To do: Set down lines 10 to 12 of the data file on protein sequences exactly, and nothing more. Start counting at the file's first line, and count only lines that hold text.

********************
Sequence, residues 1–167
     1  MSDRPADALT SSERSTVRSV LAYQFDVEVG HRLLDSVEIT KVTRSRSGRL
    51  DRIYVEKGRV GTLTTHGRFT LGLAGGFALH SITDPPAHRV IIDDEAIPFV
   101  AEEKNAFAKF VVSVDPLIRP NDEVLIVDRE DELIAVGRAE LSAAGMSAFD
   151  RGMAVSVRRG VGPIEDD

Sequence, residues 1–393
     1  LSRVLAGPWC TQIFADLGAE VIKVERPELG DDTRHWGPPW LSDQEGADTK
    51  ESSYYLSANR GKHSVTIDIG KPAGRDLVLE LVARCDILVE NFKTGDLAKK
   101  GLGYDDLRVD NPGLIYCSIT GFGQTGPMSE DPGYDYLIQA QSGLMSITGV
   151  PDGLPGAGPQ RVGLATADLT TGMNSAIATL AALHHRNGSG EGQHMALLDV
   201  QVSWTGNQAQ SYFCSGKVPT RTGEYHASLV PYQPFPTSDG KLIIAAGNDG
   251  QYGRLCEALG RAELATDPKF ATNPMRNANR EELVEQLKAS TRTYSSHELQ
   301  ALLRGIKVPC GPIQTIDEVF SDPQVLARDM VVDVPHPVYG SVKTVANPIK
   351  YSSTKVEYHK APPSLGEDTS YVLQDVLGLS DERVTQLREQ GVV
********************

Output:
   151  PDGLPGAGPQ RVGLATADLT TGMNSAIATL AALHHRNGSG EGQHMALLDV
   201  QVSWTGNQAQ SYFCSGKVPT RTGEYHASLV PYQPFPTSDG KLIIAAGNDG
   251  QYGRLCEALG RAELATDPKF ATNPMRNANR EELVEQLKAS TRTYSSHELQ